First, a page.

The longest of these new pieces occupies ten openings, each displaying just two systems of four staves each. This is the equivalent of just five openings ten pages in the larger format of the Vienna manuscripts, and most of the present pieces are shorter. Possibly more distinct in style are the new Meditation and Tombeau for Sibylla and her husband; these are perhaps less restrained, more toccata-like, than similarly named pieces known previously.

But clearly, evaluation of the new music must await publication. Hence, although obviously of great importance, the manuscript is unlikely to fundamentally alter our understanding of the composer or the repertory. Its apparently late date makes it clear that it is not one of the autograph collections presumed missing from Vienna the postulated Libri 1 and 3.

J. S. Bach - Harpsichord Concertos

Yet it does appear to have been another compilation of pieces for a member of the Habsburg family—conceivably Margarita Teresa of Spain, whose marriage to Leopold by proxy in at Madrid might have been the occasion for which Froberger visited there, as documented in the title for the new Meditation. Unfortunately the brochure offers no information about provenance.

No work is common to all three manuscripts, although four suites and one lament are shared by the autograph and one of the two recently discovered copies. The remainder of this discussion therefore focuses on the editions of the two apograph manuscripts and their musical contents. The first of these two sources to resurface has become known as both the Stuttgart and the Bulyowsky Bulgowsky manuscript, after its presumed place of origin and its Slovak copyist, respectively.

Although the Sing-Akademie has been inconsistent in the past in making its archive available to scholars and performers, it has served the musical world well in publishing the present source, which stands out among the thousands of possibilities not only for its importance but for its size and format, making it particularly suitable for publication.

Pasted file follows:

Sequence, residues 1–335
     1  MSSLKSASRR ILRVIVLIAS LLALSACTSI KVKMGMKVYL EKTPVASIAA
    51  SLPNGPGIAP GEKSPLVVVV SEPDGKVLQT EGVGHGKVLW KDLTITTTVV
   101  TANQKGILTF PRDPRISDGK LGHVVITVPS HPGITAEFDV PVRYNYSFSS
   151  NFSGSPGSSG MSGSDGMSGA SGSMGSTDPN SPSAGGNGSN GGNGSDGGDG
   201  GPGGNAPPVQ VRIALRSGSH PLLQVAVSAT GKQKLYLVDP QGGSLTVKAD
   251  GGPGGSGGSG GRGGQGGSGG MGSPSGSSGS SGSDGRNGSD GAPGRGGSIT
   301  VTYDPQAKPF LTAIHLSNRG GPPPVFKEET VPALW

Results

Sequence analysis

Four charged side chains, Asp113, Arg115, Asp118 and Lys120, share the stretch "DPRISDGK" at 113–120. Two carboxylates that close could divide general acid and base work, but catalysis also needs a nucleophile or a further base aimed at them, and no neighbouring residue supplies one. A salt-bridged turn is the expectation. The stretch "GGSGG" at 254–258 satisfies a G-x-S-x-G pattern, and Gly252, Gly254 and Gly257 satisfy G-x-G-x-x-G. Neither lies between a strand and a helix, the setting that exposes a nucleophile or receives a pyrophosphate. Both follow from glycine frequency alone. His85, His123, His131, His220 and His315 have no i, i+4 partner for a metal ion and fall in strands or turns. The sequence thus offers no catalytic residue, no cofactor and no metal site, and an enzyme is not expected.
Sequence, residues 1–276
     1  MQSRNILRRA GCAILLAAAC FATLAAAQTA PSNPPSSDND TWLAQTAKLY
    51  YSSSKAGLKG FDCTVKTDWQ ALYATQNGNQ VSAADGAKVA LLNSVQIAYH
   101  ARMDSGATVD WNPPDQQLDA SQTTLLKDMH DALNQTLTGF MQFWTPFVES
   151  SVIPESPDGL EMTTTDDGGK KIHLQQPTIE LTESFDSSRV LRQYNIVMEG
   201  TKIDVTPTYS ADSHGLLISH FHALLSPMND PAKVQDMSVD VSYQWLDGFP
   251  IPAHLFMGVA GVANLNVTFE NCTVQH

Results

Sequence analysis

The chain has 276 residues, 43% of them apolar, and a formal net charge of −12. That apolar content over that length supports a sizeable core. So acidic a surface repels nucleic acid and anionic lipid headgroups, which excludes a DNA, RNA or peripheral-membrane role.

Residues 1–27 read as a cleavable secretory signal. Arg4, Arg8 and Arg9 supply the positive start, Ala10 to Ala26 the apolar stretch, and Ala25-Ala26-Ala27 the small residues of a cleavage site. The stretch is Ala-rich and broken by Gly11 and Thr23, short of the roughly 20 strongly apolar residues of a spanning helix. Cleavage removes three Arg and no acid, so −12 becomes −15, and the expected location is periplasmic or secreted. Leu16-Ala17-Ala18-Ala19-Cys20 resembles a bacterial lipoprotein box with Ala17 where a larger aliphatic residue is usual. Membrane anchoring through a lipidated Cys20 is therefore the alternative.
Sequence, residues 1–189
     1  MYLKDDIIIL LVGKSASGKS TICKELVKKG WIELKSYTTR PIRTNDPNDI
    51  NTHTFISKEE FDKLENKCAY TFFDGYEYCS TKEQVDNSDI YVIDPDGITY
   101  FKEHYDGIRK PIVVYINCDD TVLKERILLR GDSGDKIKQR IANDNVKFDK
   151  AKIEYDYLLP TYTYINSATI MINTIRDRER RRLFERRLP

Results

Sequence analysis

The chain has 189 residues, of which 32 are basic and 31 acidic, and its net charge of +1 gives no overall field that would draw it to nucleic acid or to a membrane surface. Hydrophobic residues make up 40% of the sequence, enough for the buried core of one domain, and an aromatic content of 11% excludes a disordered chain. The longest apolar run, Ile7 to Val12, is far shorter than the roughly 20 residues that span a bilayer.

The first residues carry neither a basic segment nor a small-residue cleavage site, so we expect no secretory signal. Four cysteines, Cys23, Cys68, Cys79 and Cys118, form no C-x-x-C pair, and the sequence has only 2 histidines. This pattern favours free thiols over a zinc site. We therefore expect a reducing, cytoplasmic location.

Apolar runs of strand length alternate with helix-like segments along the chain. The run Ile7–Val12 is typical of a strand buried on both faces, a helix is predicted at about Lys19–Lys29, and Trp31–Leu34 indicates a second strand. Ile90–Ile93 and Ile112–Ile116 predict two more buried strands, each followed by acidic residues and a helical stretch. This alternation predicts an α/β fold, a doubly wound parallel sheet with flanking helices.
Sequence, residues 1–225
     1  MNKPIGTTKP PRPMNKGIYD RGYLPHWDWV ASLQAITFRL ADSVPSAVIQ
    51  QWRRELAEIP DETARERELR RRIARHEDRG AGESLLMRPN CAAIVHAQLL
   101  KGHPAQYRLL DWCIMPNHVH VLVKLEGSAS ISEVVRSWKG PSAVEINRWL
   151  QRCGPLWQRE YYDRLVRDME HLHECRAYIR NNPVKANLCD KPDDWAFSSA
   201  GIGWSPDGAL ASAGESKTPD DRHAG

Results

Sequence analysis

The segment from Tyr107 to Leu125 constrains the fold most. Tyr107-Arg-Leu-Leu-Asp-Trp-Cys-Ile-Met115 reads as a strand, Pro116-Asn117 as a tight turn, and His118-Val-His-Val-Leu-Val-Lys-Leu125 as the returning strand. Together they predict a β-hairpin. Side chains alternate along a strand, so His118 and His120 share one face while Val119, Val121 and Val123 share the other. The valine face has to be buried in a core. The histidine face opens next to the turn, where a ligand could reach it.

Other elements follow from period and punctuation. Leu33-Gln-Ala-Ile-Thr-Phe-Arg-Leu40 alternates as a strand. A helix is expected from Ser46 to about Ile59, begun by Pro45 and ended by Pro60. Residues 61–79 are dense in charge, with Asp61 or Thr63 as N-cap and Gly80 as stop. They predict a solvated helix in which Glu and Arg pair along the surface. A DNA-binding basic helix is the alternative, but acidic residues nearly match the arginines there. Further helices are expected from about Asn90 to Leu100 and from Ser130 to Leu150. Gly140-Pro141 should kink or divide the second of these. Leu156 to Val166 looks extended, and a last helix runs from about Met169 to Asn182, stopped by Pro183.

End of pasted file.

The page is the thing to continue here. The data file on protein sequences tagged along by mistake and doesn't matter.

A catalogue of the complete collection is now in preparation. The consistent format of the suites, each comprised of prelude, allemande, courante, sarabande, double, and gigue, suggests they were planned as part of a series the key signatures are modern: F minor, E-flat major, B-flat major, and E major. Peter Wollny identifies these copies as being in the hand of the Berlin organist Johann Peter Lehmann d. The monochrome photographic facsimile of SA is extremely clear, indeed easier to read and better looking than the actual manuscript, at least in the feeble December light in which I saw it in The entire editorial apparatus of the SA volume appears in both German and a competent English translation, save for a brief list of readings from the manuscript that have been altered in the transcription.

A particular frustration, which Gustafson noted, is that the edition of Dl distinguishes between original and editorial ties only in its critical commentary. Indeed, the editor of Dl, Rudolf Rasch, has generously supplemented the text of the manuscript, even including an entire movement that is preserved only in a concordance the double of the courante in Suite Unfortunately, the transcription of SA is not as reliable as one would like. Equally regrettable is the failure of the transcription to distinguish many editorially added ties, accidentals, and even notes, which appear in normal type.